FM Alert, Vol. II, No. 5

Date: Tue, 03 Feb 98 10:53:59 -0500
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Subject: FM Alert, Vol. II, No. 5

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FM Alert, Vol. II, No. 5

FM Alert, Vol. II, No. 5
2 February 1998
The Forced Migration Projects presented their latest special report on
January 23 at the Moscow office of UNHCR. The 47-page report, entitled
Coping with Conflict: A Guide to the Work of Local NGOs in the North
Caucasus, comprises two parts, the first being a scholarly analysis prepared
by Emil Payin of the Center for Ethno-Political and Regional Studies in
Moscow and Russian presidential advisor on interethnic issues. The second
part contains information gathered on a mission of inquiry by Andre
Kamenshikov of Non-Violence International-NIS. Representatives from twenty-
seven government ministries, international organizations, NGOs, and the
media attended the presentation, including representatives from the
embassies of Norway, Denmark, Canada and the United Kingdom. Speakers
included Kamenshikov and Payin as well as deputy Minister for Nationalities,
Kim Tsagolov, UNHCR Regional Representative, Victor Andreev, and Mikhail
Arutyunov a former member of the Duma. The report provides background on
four regions that have witnessed conflict and social upheaval following the
1991 Soviet collapse: Chechnya, Dagestan, Ingushetia and North Ossetia.
Chapters provide practical advice for international NGOs on orientation,
avoiding unnecessary risks and how to go about making contact with potential
local NGO partners. The report also contains an annotated contact list
concerning selected NGOs in Chechnya, Dagestan and the Ingush republic.
Copies of the report are available free of charge upon request.
Local nongovernmental organizations (NGO) are capable of playing a greater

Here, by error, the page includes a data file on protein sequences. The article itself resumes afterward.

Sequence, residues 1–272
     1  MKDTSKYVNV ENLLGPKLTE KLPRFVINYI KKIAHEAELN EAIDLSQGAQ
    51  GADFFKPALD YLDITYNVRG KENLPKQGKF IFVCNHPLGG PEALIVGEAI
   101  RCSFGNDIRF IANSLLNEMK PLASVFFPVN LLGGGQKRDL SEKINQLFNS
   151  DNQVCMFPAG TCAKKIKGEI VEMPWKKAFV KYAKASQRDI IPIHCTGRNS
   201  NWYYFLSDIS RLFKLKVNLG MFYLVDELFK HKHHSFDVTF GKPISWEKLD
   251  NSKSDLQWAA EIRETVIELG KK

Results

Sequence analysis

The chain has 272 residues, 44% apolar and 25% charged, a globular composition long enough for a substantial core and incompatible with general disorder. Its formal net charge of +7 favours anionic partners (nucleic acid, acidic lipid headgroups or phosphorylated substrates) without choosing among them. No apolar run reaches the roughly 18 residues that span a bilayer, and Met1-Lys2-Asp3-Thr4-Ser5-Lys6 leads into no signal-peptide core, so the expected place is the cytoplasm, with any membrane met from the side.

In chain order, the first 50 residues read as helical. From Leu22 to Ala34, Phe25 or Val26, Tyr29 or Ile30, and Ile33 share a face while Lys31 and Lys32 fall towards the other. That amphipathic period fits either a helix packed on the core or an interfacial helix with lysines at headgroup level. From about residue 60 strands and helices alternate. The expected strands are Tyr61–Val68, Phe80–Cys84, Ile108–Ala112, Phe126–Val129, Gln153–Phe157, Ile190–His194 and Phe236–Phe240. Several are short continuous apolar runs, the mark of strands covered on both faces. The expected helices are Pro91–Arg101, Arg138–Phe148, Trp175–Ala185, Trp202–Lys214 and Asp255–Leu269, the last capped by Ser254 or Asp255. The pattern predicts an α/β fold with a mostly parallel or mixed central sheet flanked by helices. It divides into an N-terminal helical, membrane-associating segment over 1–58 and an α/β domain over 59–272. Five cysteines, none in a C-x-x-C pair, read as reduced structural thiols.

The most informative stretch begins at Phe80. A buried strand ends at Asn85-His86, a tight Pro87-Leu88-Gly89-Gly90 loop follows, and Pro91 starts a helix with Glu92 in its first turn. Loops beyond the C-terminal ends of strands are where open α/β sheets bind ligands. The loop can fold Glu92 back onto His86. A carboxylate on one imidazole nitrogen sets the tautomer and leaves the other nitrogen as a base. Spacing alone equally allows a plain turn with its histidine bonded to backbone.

role in the international community's follow-up to the 1996 CIS conference
on migration-related issues, said Forced Migration Projects Director Arthur
C. Helton. "There is a special role for NGOs, not only the local which are
only beginning to work on these (migration-related) questions, but also
international NGOs which have the responsibility to work in partnership with
their local counterparts in order to ensure the development of a strong and
vibrant civil society," Helton said. He made the comments in an interview
published, both in Russian and in English, in the Russian journal VIP (issue
#32-33 of 1997), "an international journal about leaders for leaders." In a
wide-ranging discussion about current migration trends in the former Soviet
Union, Helton said that although the professionalism of CIS governments is
improving, durable solutions that ease hardships faced by millions of forced
migrants will remain elusive without a greater commitment by the
international community. "This is such a big an complicated problem that it
can be taken on only by a cooperative effort," Helton said. He also urged
the international community to address hardships faced by internally
displaced persons. "There should be some form of international assistance,"
he said. "However, at the moment, there is no international framework to
deal with the question." 
The United Nations High Commissioner for Refugees (UNHCR) is focusing its
programs in Ukraine's Crimean peninsula on preventing statelessness among
formerly deported peoples, primarily Crimean Tatars. UNHCR's action plan,
which is part of the follow-up to the 1996 CIS Conference on migration-
related issues, is outlined in a social assessment of Crimean conditions,
published in November 1997. UNHCR and representatives from other
international organizations are working with Ukrainian authorities to ease
naturalization procedures for formerly deported peoples. About 260,000 of
the 500,000-strong Tatar community have repatriated to Crimea in recent
years, amidst the collapse of the Soviet system. Tens of thousands of Tatars
do not have citizenship, according to UNHCR and other estimates. The lack of
citizenship limits employment opportunities and the ability to travel freely
. Among the obstacles to obtaining citizenship identified by UNHCR are high
administrative costs and a "confusing bureaucratic process." UNHCR estimates
that the fees for naturalization is beyond the reach of many Tatars, costing
an estimated $147, which, for the average Tatar can be as much as several
months' wages. UNHCR, which is working with the Tatar leadership, wants to
develop new information dissemination strategies to promote naturalization.
In other programs, UNHCR will work to promote improve economic and social
infrastructure, as well as promote the revival of formerly deported peoples'
(For additional information consult the Forced Migration Projects' special
report Crimean Tatars: Repatriation and Conflict Prevention. Also consult FM
Alert of November 20, 1997).
For more information contact:
Forced Migration Projects
Open Society Institute
400 West 59th Street, 4th floor
New York, NY 10019
tel: (212) 548-0655
fax: (212) 548-4676
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